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Naoki Yamauchi and Alley E. Watada

Chlorophylls and xanthophylls were monitored in broccoli (Brassica oleracea L. var. italica Plen.) florets stored in air, air + 10 ppm ethylene, or 10% CO2 + 1% O2 controlled atmosphere (CA) at 15 °C. Chlorophylls a and b, as measured with high-performance liquid chromatography, decreased in florets held in air. The decrease was accelerated by ethylene treatment and suppressed in CA. Chlorophyllide a and pheophorbide a were present in fresh broccoli florets, but the levels decreased significantly in all treatments during storage. The oxidized product of chlorophyll a, 132-hydroxychlorophyll a, did not accumulate. Xanthophylls decreased, but new pigments, suggested to be esterified xanthophylls, formed with yellowing in stored florets. The chlorophyll degradative pathway in broccoli florets was not altered by ethylene or CA and differed from that reported for parsley (Petroselium crisum Nym.) and spinach (Spinacia oleracea L.) leaves.

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Hidemi Izumi and Alley E. Watada

Physiology and quality of CaCl2 treated or nontreated `Elite' zucchini squash slices were monitored during storage in air, low O2 (0.25, 0.5 and 1%) or high CO2 (3, 6, and 10%) atmosphere at 10C. O2 consumption and CO2 production were reduced under low O2 and high CO2 atmospheres and the reduction was greater with low O2. C2H4 production was reduced with low O2 and initially with high CO2. After day 2 or 4, C2H4 production under high CO2 increased with the increase being greater at the lower CO2 level. The amount and severity of injury/decay were less under low O2 and high CO2 than air atmosphere. Slices stored under 0.25% O2 atmosphere had less weight loss and injury/decay and greater shear force and ascorbic acid content than those held in air atmosphere. Microbial count, pH, and color were affected by the low O2 only on the last day. CaCl2 had no additive effect.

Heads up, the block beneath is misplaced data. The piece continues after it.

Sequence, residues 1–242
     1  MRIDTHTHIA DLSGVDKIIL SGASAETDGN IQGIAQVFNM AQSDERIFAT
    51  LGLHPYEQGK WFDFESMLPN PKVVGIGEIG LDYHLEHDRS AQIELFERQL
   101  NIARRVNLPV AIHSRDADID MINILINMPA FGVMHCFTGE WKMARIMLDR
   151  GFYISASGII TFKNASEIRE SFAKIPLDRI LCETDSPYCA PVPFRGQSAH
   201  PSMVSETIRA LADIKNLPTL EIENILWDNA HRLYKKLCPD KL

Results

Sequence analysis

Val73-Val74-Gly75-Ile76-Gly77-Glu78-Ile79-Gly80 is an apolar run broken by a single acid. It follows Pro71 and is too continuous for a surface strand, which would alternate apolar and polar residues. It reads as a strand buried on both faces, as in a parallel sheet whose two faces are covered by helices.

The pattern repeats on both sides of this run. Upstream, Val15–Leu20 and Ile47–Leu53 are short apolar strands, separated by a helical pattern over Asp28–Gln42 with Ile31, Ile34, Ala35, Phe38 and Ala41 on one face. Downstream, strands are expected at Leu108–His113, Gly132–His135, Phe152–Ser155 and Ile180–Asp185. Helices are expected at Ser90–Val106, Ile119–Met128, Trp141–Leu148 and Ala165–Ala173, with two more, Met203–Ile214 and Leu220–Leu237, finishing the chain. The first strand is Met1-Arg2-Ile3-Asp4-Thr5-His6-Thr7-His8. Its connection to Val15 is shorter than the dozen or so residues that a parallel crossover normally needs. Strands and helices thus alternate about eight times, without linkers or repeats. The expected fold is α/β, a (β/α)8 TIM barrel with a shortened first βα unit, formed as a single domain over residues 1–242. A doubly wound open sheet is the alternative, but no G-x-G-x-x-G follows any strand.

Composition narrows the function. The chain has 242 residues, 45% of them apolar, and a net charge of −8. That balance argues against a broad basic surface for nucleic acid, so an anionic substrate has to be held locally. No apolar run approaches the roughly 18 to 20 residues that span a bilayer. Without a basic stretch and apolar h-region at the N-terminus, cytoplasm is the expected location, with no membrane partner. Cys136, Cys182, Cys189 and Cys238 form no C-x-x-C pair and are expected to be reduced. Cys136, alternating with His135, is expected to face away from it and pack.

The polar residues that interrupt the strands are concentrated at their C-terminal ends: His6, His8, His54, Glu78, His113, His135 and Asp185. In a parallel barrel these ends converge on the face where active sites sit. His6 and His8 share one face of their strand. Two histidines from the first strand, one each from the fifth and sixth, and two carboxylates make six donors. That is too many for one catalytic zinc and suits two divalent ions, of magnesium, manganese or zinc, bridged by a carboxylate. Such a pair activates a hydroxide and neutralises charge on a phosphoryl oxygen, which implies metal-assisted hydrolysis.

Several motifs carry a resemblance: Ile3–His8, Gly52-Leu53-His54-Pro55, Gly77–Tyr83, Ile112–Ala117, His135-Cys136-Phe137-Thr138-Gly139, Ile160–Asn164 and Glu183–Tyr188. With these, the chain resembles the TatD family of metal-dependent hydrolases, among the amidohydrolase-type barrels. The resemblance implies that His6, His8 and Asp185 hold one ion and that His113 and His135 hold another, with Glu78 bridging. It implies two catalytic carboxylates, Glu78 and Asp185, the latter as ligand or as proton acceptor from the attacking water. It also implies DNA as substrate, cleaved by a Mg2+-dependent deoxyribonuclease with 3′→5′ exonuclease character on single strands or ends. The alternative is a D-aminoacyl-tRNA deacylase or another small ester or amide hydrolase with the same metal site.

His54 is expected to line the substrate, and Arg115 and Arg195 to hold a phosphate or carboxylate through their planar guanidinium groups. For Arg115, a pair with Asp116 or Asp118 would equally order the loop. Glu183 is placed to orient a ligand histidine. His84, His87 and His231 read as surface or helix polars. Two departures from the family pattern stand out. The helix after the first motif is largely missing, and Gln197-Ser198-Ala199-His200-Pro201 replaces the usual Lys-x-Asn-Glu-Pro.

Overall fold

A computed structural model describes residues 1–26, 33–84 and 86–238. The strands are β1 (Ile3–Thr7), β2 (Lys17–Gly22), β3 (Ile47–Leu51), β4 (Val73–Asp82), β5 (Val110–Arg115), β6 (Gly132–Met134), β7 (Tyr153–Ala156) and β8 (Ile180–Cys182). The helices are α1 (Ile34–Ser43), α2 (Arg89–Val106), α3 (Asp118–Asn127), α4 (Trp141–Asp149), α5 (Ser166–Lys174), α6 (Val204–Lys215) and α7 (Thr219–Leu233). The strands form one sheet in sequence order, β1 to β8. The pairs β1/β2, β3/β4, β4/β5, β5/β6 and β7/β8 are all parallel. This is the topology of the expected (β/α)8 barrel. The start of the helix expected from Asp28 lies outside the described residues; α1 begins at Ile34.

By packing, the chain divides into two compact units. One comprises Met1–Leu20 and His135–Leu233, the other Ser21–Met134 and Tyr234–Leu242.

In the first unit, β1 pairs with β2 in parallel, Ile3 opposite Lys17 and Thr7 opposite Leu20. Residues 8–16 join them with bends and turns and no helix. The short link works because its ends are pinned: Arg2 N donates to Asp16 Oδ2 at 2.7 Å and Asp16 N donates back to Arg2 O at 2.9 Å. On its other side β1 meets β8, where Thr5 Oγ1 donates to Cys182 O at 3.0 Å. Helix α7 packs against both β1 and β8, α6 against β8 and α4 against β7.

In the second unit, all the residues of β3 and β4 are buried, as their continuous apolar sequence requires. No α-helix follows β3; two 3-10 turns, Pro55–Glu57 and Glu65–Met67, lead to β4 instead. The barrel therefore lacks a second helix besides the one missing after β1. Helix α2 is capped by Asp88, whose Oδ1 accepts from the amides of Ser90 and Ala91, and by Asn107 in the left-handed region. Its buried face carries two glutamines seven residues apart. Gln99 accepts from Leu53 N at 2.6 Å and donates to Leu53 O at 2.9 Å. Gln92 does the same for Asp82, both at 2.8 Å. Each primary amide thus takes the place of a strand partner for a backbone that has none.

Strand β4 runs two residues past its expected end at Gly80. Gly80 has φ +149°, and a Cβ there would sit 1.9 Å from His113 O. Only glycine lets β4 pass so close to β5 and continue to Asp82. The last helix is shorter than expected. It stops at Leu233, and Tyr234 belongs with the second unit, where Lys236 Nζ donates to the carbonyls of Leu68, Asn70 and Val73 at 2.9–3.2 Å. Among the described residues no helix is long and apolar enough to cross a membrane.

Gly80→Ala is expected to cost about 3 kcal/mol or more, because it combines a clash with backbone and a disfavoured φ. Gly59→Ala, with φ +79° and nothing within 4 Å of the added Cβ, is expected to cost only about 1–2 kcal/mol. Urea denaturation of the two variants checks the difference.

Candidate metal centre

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Isabelle Babic and Alley E. Watada

The population of Listeria monocytogenes inoculated on lightly processed spinach held at 5C or 10C remained constant for 9 days, whereas the populations of mesophilic aerobic flora, pseudomonas, and enterobacteria increased sharply. We studied the cause of the bacteriostatic activity of spinach leaves against L. monocytogenes. Listeria monocytogenes were inoculated at the concentration of 2 × 104 cells/ml in raw, autoclaved and vacuum filtration sterilized spinach macerates as well as in tryptic soy broth used as control. The concentrations after 24 hat 28C were 2 × 104, 4 × 107, and 4 × 105 cells/ml in respective spinach macerates and 4 × 108 cells/ml in tryptic soy broth. The anti-listeria activity was still present in spinach macerates sterilized by vacuum filtration but not in autoclaved macerates. In conclusion, the bacteriostatic activity against L. monocytogenes might be due to antimicrobial compounds present in spinach leaves or produced by the other microorganisms. Studies are being continued to identify the compounds involved in the anti-listeria activity.

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Isabelle Babic and Alley E. Watada